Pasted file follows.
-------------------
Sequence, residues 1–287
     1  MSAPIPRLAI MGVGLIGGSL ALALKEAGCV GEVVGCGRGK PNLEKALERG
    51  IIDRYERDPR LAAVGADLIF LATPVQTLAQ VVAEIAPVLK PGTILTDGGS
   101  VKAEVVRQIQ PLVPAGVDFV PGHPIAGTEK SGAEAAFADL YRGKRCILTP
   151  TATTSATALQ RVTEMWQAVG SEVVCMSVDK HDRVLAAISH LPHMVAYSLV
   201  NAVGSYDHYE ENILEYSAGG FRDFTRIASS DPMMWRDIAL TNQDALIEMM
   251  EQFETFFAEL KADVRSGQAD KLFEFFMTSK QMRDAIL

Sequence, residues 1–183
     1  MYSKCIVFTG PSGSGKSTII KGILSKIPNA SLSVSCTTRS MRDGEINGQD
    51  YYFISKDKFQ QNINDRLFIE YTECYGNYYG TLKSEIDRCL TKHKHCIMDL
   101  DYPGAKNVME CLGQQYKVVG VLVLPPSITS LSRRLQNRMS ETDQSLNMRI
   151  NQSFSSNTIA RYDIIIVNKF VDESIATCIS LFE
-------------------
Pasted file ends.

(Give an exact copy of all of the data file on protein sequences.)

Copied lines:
Sequence, residues 1–287
     1  MSAPIPRLAI MGVGLIGGSL ALALKEAGCV GEVVGCGRGK PNLEKALERG
    51  IIDRYERDPR LAAVGADLIF LATPVQTLAQ VVAEIAPVLK PGTILTDGGS
   101  VKAEVVRQIQ PLVPAGVDFV PGHPIAGTEK SGAEAAFADL YRGKRCILTP
   151  TATTSATALQ RVTEMWQAVG SEVVCMSVDK HDRVLAAISH LPHMVAYSLV
   201  NAVGSYDHYE ENILEYSAGG FRDFTRIASS DPMMWRDIAL TNQDALIEMM
   251  EQFETFFAEL KADVRSGQAD KLFEFFMTSK QMRDAIL

Sequence, residues 1–183
     1  MYSKCIVFTG PSGSGKSTII KGILSKIPNA SLSVSCTTRS MRDGEINGQD
    51  YYFISKDKFQ QNINDRLFIE YTECYGNYYG TLKSEIDRCL TKHKHCIMDL
   101  DYPGAKNVME CLGQQYKVVG VLVLPPSITS LSRRLQNRMS ETDQSLNMRI
   151  NQSFSSNTIA RYDIIIVNKF VDESIATCIS LFE